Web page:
… a good song that in Husky’s version is unfortunately rather polluted by an evangelical jubilant chorus. Which seems inescapable; country king George Jones, queen Kitty Wells, Charley Pride, Porter Wagoner (backed by Elvis’ beloved Blackwood Brothers) and even the untouchable Dolly Parton also glaze the song with it. It takes until 1984, until a modern Grand Master interferes before a version is recorded without ecstatic backing vocals: Leon Russell turns it back into a pure, Grand Ole Opry-worthy country classic – but alas, still with the now-dated 80s sound of clinical bathroom reverb on the vocals. We have to wait until 1993 before a more or less timeless version is recorded; again Dolly Parton, but this time with the Honky Tonk Angels, featuring Tammy Wynette and Loretta Lynn.

Anyway, Ferlin Husky’s version is etched in Dylan’s music memory, of course. The song spent ten weeks at No 1 in 1960, and it is also the version played by DJ Dylan himself, as the closing track of the Noah’s Ark episode of his Theme Time Radio Hour in 2009. Still, despite Husky’s shadow, Dylan’s stream-of-consciousness most likely will have been carried away to the song’s source, to “Dink’s Song” – which is, after all, even deeper under his skin.

On the legendary The Minnesota Hotel Tape (Songs for Bonnie), the living room concert at Bonnie Beecher’s home-recorded by Dylan’s friend Tony Glover in December 1961, “Dink’s Song” is number 8, between “It’s Hard To Be Blind” and “Man Of Constant Sorrow”.

After the song ends, we hear:

Tony Glover: “Is that the way the original goes?”
Dylan: “Huh?”
Tony Glover: “Is that the way the original goes?”
Dylan: “That’s the way I heard it. I heard it from a lady named Dink. I don’t know who wrote it.”

… Lomax heard Dink sing the song in 1908. So Dylan has either heard a very, very elderly Dink sing a song that has now been in her repertoire for a very, very long time, or Dylan is once again making up stories and already knitting the next chapter of his fable biography. The latter is more likely.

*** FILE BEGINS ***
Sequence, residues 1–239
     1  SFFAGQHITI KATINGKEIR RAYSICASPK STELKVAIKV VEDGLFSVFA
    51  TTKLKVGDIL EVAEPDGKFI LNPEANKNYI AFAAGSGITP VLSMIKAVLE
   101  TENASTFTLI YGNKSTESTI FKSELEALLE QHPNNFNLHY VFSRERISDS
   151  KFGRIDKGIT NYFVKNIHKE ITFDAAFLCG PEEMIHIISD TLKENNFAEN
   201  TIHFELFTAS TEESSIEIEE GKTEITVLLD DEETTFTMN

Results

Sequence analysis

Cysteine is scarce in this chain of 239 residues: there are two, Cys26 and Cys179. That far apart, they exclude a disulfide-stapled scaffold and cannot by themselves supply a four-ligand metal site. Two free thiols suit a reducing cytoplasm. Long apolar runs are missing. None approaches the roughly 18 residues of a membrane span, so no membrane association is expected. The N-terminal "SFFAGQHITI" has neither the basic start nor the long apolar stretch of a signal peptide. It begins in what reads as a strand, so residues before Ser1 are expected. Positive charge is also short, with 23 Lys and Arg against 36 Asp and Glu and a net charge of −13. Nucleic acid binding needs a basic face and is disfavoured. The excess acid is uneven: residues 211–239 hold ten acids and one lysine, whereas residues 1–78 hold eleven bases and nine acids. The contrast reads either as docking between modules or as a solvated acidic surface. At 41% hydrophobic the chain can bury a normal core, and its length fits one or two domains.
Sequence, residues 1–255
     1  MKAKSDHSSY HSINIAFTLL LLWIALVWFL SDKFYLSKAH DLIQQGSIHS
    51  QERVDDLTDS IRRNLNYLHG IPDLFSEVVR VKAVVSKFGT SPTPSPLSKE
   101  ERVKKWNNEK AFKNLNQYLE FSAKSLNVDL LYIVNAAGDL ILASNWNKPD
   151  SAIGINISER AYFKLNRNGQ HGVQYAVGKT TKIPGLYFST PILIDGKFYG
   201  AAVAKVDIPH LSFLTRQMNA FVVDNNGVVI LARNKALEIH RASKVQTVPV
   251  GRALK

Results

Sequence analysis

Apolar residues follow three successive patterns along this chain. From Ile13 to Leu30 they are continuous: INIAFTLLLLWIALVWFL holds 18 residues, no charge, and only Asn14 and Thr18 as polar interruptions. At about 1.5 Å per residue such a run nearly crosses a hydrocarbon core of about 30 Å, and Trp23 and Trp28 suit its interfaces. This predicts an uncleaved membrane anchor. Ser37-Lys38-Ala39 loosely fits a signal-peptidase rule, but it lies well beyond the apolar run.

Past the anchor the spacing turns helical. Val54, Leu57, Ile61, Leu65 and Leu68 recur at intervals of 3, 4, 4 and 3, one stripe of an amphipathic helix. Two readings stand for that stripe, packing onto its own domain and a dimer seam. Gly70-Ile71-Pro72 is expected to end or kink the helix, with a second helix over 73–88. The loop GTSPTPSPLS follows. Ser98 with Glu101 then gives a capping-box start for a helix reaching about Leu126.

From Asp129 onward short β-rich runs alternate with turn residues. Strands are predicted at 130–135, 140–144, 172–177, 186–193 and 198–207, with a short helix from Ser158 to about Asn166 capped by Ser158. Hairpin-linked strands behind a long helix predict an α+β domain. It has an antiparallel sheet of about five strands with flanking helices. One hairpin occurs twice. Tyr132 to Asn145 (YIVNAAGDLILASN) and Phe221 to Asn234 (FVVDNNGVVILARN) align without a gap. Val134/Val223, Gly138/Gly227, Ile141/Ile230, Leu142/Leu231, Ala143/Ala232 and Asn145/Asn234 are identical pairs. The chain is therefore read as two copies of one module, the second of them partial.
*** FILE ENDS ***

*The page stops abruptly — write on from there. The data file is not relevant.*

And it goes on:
We can even correct him in fairly precise, high-probability detail; on Friday afternoon 29 September 1961, just before he gets a record deal himself, Dylan is in the studio. Carolyn Hester is recording an LP, and Dylan has been invited to play harmonica on a couple of songs. These end up being five, though he does not play on “Dink’s Song”, which is also recorded that afternoon. However, it is very likely that Dylan is still hanging out in the studio by then: that same night, he plays at Gerde’s Folk City – and “Dink’s Song” is on his setlist for the very first time.

We have no recordings of that performance, of that first time Dylan plays “Dink’s Song”. But an educated guess would be that after the last chord, the young troubadour says through the applause, “That’s the way I heard it. I heard it from a lady named Dink.”

Incidentally, on that December recording from Minneapolis, Dylan sings the same lyric variation as Carolyn Hester – a different order of stanzas, but the same words. Heard from a lady named Carolyn.

To be continued. Next up I’ve Made Up My Mind To Give Myself To You part 6: I knew Margo could sing it


Jochen is a regular reviewer of Dylan’s work on Untold. His books, in English, Dutch and German, are available via Amazon both in paperback and on Kindle: